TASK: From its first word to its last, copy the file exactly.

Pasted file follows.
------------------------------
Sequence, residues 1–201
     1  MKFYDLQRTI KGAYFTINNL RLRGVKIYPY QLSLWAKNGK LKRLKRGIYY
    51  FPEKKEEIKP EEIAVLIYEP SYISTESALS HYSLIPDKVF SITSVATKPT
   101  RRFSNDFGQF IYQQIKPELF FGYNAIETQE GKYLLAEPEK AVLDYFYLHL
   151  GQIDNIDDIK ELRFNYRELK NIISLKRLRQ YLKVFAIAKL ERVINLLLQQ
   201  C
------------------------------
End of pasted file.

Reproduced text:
Sequence, residues 1–201
     1  MKFYDLQRTI KGAYFTINNL RLRGVKIYPY QLSLWAKNGK LKRLKRGIYY
    51  FPEKKEEIKP EEIAVLIYEP SYISTESALS HYSLIPDKVF SITSVATKPT
   101  RRFSNDFGQF IYQQIKPELF FGYNAIETQE GKYLLAEPEK AVLDYFYLHL
   151  GQIDNIDDIK ELRFNYRELK NIISLKRLRQ YLKVFAIAKL ERVINLLLQQ
   201  C